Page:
The Shale Revolution has had a profound impact on U.S. NGL markets by vastly increasing production and by lowering NGL prices relative to the prices of crude oil and natural gas. That has been good news for the nation’s steam crackers, the petrochemical plants that have enjoyed low NGL feedstock prices since 2012. But NGL markets are in for some big changes as new U.S. steam crackers coming online over the next two years will be competing for supply with export markets, raising the specter of higher NGL prices—a good thing for NGL producers, but not so for petrochemical companies. How this plays out will be determined by the feedstock supply decisions petrochemical producers make as NGL prices respond to rapidly increasing demand. Today we begin a series on how steam cracker operators determine day-by-day which feedstocks are the most economic, and on the factors driving the value of ethylene feedstock prices.
The build-out of incremental natural gas takeaway capacity out of the Marcellus/Utica region has come in fits and starts, with new pipelines—as opposed to the reversal or expansion of existing pipes—proving to be the most troublesome. Energy Transfer Partners and Traverse Midstream Holdings’ long-planned 3.25-Bcf/d Rover Pipeline to southern Michigan is a case in point. The latest challenge for the $4.2 billion project is getting final federal approval in time to allow tree clearing along the pipeline’s 711-mile route to be completed before federally protected bats start roosting in early April. If that timeline’s not met, Rover’s planned completion later in 2017 may be delayed a full year, enabling Western Canadian gas producers to sell more gas to Ontario and the Upper Midwest. Today we assess what’s at stake for ETP, Traverse, and producer-shippers in the Marcellus/Utica and Western Canada.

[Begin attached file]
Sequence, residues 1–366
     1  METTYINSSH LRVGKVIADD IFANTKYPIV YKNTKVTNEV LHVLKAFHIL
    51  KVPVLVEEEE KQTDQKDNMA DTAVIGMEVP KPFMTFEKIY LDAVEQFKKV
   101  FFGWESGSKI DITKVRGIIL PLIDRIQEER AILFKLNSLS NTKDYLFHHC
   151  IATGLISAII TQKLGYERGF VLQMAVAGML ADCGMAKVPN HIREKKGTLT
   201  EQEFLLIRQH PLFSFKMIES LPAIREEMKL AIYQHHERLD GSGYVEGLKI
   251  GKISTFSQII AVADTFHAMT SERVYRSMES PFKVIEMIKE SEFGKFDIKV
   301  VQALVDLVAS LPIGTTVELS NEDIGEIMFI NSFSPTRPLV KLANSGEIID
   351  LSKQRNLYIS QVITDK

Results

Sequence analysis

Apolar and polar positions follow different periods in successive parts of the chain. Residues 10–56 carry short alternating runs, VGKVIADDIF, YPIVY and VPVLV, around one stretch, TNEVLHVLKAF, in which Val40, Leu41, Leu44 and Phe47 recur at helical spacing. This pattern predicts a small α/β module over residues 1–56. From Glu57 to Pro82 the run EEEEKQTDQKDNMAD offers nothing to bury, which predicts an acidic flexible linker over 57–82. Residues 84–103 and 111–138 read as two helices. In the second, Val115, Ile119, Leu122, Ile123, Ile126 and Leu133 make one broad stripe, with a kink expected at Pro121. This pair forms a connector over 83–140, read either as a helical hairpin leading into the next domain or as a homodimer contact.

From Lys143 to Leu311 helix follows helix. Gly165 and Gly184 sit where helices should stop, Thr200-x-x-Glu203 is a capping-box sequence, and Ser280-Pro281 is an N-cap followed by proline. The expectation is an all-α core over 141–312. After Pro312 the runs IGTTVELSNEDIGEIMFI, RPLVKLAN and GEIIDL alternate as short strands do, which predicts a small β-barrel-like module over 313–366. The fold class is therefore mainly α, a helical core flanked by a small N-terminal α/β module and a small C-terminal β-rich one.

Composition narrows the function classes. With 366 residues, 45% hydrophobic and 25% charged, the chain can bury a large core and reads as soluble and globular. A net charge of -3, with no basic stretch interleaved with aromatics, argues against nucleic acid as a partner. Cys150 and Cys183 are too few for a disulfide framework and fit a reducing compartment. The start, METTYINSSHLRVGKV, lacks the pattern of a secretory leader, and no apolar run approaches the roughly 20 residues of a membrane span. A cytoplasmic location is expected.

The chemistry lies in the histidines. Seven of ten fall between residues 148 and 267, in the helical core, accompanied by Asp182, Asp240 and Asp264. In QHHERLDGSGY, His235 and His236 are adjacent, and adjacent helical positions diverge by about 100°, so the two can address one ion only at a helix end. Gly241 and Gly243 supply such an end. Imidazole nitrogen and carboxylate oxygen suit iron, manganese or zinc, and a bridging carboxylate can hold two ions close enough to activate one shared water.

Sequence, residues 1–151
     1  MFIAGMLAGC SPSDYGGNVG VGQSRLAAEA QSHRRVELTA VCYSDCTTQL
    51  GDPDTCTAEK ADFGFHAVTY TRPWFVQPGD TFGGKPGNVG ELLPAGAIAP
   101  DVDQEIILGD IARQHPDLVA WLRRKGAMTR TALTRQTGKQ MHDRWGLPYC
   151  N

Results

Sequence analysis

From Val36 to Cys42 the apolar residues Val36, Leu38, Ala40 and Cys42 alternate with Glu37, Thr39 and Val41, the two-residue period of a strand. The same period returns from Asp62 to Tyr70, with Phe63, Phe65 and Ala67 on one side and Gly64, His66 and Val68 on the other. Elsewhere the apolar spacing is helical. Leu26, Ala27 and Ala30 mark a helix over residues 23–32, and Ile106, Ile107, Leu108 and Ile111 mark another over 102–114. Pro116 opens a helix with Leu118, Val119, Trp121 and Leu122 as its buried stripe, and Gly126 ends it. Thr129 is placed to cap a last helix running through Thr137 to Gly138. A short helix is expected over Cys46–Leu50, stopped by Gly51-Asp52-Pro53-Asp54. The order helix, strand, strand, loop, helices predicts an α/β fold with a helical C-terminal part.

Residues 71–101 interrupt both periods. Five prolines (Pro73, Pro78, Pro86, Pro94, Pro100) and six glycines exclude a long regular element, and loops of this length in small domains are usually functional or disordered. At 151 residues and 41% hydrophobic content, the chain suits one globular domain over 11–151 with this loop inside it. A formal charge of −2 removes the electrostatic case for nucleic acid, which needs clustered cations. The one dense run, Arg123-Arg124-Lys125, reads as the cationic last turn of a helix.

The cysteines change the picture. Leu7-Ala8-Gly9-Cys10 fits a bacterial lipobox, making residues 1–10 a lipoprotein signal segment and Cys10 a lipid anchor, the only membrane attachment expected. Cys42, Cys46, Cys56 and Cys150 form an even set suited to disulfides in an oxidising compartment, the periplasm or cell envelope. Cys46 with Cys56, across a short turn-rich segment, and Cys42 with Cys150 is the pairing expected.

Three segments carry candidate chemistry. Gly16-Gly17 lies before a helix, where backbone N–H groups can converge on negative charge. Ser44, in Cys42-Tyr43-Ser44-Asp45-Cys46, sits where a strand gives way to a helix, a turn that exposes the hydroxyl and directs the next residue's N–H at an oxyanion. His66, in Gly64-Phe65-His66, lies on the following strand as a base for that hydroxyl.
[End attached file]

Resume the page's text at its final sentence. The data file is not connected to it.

There’s good reason to believe that the international LNG market has turned a corner, with demand and LNG prices on the rise and with a number of new LNG-import projects being planned. That would be good news for U.S. natural gas producers, who know that rising LNG exports will boost gas demand and support attractive gas prices. It also would help to validate the wisdom of building all that liquefaction/LNG export capacity now nearing completion. Today we look at recent developments in worldwide LNG demand and pricing and how they may signal the need for more LNG-producing capacity in the first half of the 2020s.
Each winter, New York spot prices for gasoline and diesel spike higher than spot prices in Chicago, opening a seasonal arbitrage opportunity for Midwest refineries and motor fuel marketers—if only they could move more product east from Petroleum Administration for Defense District (PADD) 2 to the East Coast’s PADD 1. Midstream companies have taken note, and have been adding eastbound refined product pipeline capacity in Ohio and Pennsylvania. So far the aim has been to move gasoline and diesel as far east as central Pennsylvania, but the longer-term goal seems to Philadelphia, which ironically is the center of East Coast refining. Today we look at the ongoing shift in market territories claimed and sought by gasoline and diesel refineries and marketers in PADDs 1 and 2.